Josh Sundquist became one of my favorite inspirational people. Since he’d lost his leg to cancer when he was 10 years old, he’d become a Paralympic skier and speaker who shares how you can find hope in whatever hardships you face. Once he shared how he wished that he could go back in time and talk to that scared young boy that he used to be.

Josh said, “I feel bad because he doesn’t know how much good is ahead of him. He doesn’t realize that he’s going to survive the cancer and he’s going to grow up and become everything he dreamed and more. I wish he could know that.” Then he added, “If you’re dealing with some hard situation, I feel bad for you. But I wonder if a future version of yourself would wish you knew right now that things are going to get better.”

I don’t know about you, but I doubt that I’ll become famous for anything…and most days I don’t feel too inspirational. But when I look back to six years ago when I lost my hearing, I see some really good things that have happened. I’m still working and have found some physical therapy that has helped my balance issues. In my job as a special education teaching assistant I get to be with kids who inspire me every day. Yes, it’s hard to understand what they say but I ask them for help and they try. I’ve also become better at asking for help when I need it. And there are so many great people that I’ve met through the local hearing loss association, people that face far tougher daily challenges than I. Their courage and the hard work they put into communication….that inspires me every day.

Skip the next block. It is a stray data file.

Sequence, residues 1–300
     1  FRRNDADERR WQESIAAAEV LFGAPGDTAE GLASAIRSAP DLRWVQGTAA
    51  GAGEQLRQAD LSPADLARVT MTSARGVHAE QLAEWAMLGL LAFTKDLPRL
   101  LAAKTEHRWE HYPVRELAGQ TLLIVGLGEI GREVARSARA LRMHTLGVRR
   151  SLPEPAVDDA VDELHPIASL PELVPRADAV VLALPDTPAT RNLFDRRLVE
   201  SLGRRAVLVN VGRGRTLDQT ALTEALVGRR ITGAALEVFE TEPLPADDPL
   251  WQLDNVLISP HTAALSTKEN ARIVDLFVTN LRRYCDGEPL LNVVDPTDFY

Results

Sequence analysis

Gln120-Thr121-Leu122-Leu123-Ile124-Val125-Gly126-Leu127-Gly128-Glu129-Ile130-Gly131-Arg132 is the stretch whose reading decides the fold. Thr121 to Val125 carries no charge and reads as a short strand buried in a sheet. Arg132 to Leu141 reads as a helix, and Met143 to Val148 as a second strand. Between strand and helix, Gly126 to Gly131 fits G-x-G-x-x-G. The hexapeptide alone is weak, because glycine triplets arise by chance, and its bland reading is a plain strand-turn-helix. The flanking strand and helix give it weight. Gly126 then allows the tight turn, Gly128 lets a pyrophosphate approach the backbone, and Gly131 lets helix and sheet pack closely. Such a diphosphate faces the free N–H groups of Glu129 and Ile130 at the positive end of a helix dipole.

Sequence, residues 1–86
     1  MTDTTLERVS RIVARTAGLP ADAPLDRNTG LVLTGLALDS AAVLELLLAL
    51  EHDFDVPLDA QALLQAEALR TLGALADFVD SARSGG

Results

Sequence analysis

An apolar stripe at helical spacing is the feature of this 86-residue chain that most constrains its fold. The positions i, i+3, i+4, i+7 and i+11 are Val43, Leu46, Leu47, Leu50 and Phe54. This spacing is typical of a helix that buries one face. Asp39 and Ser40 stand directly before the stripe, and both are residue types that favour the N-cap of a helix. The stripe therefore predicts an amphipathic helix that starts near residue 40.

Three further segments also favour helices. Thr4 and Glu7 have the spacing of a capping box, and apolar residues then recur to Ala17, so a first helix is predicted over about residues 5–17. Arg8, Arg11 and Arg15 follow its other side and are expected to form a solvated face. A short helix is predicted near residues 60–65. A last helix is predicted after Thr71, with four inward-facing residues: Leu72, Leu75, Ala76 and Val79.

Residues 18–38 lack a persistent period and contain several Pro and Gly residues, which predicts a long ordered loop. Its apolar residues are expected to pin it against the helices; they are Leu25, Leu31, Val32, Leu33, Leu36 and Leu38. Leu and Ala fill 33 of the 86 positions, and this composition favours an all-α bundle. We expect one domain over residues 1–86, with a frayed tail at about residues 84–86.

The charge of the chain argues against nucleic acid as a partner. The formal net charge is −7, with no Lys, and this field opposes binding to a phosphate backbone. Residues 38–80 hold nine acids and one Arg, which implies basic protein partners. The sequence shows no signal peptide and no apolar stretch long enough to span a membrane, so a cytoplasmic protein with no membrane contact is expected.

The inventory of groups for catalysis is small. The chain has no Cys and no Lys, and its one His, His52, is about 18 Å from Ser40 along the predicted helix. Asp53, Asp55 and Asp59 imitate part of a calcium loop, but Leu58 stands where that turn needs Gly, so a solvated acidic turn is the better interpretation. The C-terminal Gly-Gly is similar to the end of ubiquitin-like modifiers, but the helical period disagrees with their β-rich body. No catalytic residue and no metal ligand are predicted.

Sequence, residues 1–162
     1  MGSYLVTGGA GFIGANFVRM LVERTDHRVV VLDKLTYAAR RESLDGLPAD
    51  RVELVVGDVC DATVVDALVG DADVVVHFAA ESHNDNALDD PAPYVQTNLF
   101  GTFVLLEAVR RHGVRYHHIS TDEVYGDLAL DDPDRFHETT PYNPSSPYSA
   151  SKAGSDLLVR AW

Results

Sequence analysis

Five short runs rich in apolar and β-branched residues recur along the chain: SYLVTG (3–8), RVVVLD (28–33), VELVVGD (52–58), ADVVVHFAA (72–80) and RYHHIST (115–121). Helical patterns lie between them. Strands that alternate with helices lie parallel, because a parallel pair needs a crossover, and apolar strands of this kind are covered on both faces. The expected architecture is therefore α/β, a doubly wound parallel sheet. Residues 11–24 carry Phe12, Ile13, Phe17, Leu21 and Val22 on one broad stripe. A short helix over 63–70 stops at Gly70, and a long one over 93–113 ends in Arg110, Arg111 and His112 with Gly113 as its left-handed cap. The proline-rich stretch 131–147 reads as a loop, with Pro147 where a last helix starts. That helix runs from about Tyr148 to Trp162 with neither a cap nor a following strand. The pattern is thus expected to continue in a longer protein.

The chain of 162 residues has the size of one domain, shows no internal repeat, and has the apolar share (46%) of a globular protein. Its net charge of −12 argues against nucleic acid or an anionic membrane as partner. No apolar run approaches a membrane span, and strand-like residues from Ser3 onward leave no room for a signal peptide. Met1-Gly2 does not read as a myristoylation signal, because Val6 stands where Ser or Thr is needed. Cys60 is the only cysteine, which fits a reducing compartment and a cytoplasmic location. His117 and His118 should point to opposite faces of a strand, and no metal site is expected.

Yes, things are harder and different with hearing loss. I’ve had to adapt and change. On my worst days I may drink too much coffee, whine and drag myself whimpering through the day…but on those days when my inner champion is strong, I attack that day with a smile and laugh instead of cringe when I have to ask a co-worker to repeat herself again and again. Deciding to be the best “me” I can be….and being thankful every day.

Join us on Wednesday at this week’s Open Chat Night!